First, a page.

In his second phase, after retiring from the NFL in 1993, Green pursued a legal career and worked as a writer. Green began struggling with his hands and fingers around 2011, but he wasn’t diagnosed with his slowly progressive form of ALS until 2016. ALS is not a subtle state. It didn’t take long for him to cope with slurred speech, difficulty walking, and even breathing.

Green despaired of what lay ahead – brutal decisions about whether to plug him into ventilators and feeding machines – but Troy convinced him that what Tim’s family needed had little to do with his body worked.

“His soul and his brain,” said Troy, who is 27 years old. “That’s what we love and call papa.”

Today, Green’s disease doesn’t cause too much pain in Green, other than the bronchial suction that his lungs can’t remove and the necrosis (the death of body tissue) in his right foot and shin that lead to it can make you feel like you are on fire. Unlike on rainy days, when the falling air pressure can take its toll, old football pains in the knees, shoulders and neck no longer hurt like they used to because he no longer uses them.

His mental health is a different matter. Green forces himself to focus on what he has left and on his memories of what he used to do.

He said that when he wakes up in the morning, the first thing he does is try to be thankful for another day with his family, friends and people around him. He thanks for the connectedness of his family life in which some of his adult children live in houses a few steps away from him and for the nearby lake, “the hills, the trees, the birds, the blue sky, the clouds , the wind”. , Rain and snow. And the sun, moon, planets and stars. “

At the dining table he watches his family eat and conjures up memories of tasting fresh tomatoes and bacon and red sauce over pasta and sausage, “and a fat glass of Caymus Cabernet”.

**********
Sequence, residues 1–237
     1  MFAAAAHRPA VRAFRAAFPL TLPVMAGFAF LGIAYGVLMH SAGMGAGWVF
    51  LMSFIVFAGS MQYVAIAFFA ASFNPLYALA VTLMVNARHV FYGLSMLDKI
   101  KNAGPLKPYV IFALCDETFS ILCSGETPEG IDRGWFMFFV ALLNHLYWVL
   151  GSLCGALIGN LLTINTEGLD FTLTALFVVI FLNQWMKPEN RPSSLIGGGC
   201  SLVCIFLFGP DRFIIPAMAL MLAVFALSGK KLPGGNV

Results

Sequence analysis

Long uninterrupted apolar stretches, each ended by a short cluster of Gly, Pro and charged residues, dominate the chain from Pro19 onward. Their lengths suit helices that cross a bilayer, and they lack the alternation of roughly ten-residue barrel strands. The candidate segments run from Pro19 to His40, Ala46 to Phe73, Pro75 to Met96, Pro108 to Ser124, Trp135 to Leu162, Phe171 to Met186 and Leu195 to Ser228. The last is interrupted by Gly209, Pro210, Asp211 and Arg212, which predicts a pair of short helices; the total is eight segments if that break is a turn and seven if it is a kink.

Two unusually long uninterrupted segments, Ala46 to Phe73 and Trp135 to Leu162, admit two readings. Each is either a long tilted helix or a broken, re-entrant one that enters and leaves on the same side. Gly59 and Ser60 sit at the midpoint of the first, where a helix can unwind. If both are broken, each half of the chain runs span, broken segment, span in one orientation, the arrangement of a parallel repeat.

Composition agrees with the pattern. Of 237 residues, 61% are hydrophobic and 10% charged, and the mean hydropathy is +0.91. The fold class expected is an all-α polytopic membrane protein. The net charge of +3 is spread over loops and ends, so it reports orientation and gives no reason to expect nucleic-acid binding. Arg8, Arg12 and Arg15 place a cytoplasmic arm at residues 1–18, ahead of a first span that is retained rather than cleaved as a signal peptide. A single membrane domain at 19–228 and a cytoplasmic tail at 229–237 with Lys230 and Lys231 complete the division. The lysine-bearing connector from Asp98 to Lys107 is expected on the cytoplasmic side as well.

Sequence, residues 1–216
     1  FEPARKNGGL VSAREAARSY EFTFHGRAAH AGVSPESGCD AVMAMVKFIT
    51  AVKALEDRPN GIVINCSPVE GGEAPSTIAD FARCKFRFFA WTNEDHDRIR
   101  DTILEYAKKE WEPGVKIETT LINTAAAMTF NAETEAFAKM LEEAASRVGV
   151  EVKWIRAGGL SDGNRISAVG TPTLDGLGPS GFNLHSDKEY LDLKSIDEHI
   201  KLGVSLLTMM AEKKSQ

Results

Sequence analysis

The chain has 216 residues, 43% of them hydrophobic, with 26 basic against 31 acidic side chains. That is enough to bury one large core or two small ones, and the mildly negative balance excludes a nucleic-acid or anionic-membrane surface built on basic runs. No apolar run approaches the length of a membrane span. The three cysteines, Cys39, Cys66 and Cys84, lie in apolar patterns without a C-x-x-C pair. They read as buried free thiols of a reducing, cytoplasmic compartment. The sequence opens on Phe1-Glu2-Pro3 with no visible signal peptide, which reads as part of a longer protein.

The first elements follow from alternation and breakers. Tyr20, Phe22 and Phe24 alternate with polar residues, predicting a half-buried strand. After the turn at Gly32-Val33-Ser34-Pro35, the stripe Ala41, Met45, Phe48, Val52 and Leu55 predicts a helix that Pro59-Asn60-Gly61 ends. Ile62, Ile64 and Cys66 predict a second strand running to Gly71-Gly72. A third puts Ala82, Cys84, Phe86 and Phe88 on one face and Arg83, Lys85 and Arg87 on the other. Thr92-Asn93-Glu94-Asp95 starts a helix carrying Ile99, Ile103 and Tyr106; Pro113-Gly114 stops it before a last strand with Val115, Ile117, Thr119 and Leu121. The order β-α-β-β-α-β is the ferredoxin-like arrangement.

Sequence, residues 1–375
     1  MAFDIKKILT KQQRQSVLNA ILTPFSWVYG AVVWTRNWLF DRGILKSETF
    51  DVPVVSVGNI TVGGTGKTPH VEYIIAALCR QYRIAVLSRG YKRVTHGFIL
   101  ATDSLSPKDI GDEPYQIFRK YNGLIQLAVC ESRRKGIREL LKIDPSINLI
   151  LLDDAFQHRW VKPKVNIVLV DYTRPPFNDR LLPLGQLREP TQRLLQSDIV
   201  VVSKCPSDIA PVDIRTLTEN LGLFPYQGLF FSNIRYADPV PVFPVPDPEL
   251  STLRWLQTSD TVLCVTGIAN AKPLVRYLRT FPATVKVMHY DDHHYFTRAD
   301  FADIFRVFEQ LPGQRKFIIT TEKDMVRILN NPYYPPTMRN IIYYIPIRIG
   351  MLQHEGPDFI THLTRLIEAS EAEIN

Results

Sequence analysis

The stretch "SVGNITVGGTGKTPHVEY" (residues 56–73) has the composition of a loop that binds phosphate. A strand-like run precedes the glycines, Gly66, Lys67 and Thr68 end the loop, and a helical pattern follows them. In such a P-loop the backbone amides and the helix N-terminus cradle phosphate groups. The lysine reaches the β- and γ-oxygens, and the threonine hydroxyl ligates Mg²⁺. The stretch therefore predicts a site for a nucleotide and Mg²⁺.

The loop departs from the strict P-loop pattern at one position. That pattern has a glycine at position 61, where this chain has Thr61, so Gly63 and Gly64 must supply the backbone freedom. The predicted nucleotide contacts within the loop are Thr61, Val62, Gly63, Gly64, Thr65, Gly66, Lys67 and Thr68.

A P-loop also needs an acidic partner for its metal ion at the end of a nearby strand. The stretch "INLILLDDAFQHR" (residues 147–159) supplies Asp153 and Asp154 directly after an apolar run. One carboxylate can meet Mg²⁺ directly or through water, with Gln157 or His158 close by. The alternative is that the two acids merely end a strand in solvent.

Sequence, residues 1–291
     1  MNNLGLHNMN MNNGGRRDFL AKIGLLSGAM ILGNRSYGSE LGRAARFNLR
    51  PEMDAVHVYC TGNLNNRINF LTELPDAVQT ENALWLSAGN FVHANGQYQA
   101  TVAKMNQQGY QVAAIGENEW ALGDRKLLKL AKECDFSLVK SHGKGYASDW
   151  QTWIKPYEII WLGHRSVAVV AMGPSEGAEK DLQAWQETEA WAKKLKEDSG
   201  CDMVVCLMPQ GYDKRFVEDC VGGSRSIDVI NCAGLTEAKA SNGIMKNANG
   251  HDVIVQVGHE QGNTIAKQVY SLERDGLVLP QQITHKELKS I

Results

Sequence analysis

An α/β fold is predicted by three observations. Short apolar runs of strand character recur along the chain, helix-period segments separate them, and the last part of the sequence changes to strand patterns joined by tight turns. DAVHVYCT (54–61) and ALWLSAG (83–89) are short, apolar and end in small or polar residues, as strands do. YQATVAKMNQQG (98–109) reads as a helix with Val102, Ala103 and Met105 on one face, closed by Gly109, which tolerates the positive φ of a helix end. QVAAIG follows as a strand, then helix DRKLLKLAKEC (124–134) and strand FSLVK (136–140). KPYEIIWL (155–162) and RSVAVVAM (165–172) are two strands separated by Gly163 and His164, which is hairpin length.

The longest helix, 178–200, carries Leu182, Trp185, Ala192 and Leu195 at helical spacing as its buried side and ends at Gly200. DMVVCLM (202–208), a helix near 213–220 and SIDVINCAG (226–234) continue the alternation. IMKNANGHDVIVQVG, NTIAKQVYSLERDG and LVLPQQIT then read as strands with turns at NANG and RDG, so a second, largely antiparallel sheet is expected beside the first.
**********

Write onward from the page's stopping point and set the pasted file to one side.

Sometimes the power of those memories becomes overwhelming and the tears flow. But most of the time there is solace in the routines that dominate his life, although these too can have challenges.

The family real estate company that Troy primarily runs has worked hard this year handling maintenance and security complaints about the management of several of its low-income New York upstate residential properties.

And of course there was the tension that formed “Final Season”. When his ALS deteriorated dramatically three years ago, the family argued over whether Ty should continue to play football on his local youth team. Tim and some of his sons felt that Ty, who was 12 at the time, could continue to play safely as training routines and attacking techniques have changed over the past 20 years. Ilyssa wanted to get football out of Ty’s life. Today he focuses most of his athletic energy on lacrosse.

Tim Green said he has no regrets about his own football career. He remains an ardent fan who watches games all season, especially the Falcons, and misses almost everything about his game days.

“The television cameras, the uniforms, the colors, the pomp, the smell of fresh air spoiled by hissing dogs, spilled beer, fresh duct tape and cut grass, the crowd, their cheers and their boos, ”he said, ticking details of a life that was still fresh in his mind. “The paychecks, fast cars, the bursting joy on a kid’s face, and all you did was scribble your name on his hat. The joys are endless. “

Likewise the consequences. It all makes a good story.